As the mutation frequency exploited in the error-prone PCR process produced mutations at an average rate of 1 change per 1,496 bases, equaling to 1.79 coding sequence variants per ERBB4 polypeptide, the clonal evolution of Ba/F3 cells could have favored enrichment of cDNAs harboring multiple ERBB4 mutations in cis. To control for this, the top 10 mutations from the ERBB4 mutation screen (Fig. 1) were selected for in vitro validation. Ba/F3 cells were transduced with retroviral constructs encoding individual ERBB4 mutations Y52C, R124K, R687K, E715K, G741R, G802D, M993I, V1172F, G1217R, K1218N, as well as wild-type ERBB4 JM-a CYT-2 or eGFP (as control). Ba/F3 cells stably expressing these constructs were tested for their potential to promote IL3-independent growth using the MTT assay (Fig. 2A). Five of the 10 mutations (R687K, E715K, G741R, G802D, and M993I) promoted IL3-independent growth in the presence of NRG-1 (10 ng/mL) to a greater extent than the cells expressing wild-type ERBB4 (q < 0.001; Supplementary Fig. S5A). These results indicate that the screen could identify activating ERBB4 mutations that enhance ligand-dependent cell proliferation. To control that the NRG-dependent growth of the lines was dependent on ERBB4 expression as opposed to an unknown oncogenic integration of the retrovirus, the ectopic ERBB4 expression was knocked down from the cells by RNAi. The NRG-dependent growth was indeed efficiently suppressed by ERBB4-targeted short hairpin RNA (shRNA) but not by scrambled shRNAs (Supplementary Fig. S6).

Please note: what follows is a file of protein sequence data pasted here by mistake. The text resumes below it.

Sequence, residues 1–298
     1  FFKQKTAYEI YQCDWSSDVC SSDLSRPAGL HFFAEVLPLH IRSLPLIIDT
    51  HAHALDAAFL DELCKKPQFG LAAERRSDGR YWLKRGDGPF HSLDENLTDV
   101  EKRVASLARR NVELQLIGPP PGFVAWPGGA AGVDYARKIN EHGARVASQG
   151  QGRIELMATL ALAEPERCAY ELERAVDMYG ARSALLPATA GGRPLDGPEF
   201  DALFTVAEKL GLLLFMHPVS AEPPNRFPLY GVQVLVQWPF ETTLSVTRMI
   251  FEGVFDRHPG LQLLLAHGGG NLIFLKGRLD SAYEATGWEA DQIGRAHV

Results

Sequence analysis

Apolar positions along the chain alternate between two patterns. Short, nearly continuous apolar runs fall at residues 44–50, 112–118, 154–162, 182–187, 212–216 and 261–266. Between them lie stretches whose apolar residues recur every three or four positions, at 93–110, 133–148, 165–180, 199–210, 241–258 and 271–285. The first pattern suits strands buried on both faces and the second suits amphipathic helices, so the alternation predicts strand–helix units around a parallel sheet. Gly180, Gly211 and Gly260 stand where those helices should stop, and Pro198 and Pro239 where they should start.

To control for ERBB4 expression and autophosphorylation levels in the Ba/F3 cells expressing the ERBB4 variants, Western analyses were carried out for cells maintained in the presence of IL3 (Fig. 2B). The two mutations most efficient in promoting NRG-dependent Ba/F3 cell growth (R687K and E715K) were also found to be more phosphorylated than wild-type ERBB4, even under the conditions lacking selection pressure from IL3 withdrawal (Fig. 2B; Supplementary Fig. S5B). In particular, the E715K variant demonstrated robust ERBB4 autophosphorylation, suggesting that the E715K mutation renders the receptor constitutively active. Consistently, in Ba/F3 cells stimulated with 50 ng/mL NRG-1 (in the absence of IL3) for 10 minutes, both the basal and NRG-stimulated phosphorylation levels of ERBB4 R687K and E715K were greater in comparison with the wild-type ERBB4 (Fig. 2C). Of note, upon NRG-1 stimulation, the 180 kDa full-length ERBB4 R687K was more heavily phosphorylated than wild-type ERBB4 or ERBB4 E715K, whereas the 75 kDa intracellular domain (ICD) of ERBB4 R687K was appreciably less phosphorylated than the ICDs of the wild-type ERBB4 or ERBB4 E715K (Fig. 2C). The soluble 75 kDa ERBB4 ICD is an active tyrosine kinase produced upon two proteolytic cleavages of ERBB4 (58–60). It is worth noting, however, that the experimentation was carried out with an antibody recognizing the single phosphorylated tyrosine 1284 of ERBB4 and may thus not fully reflect all functional signaling downstream of an activated ERBB4 receptor (61).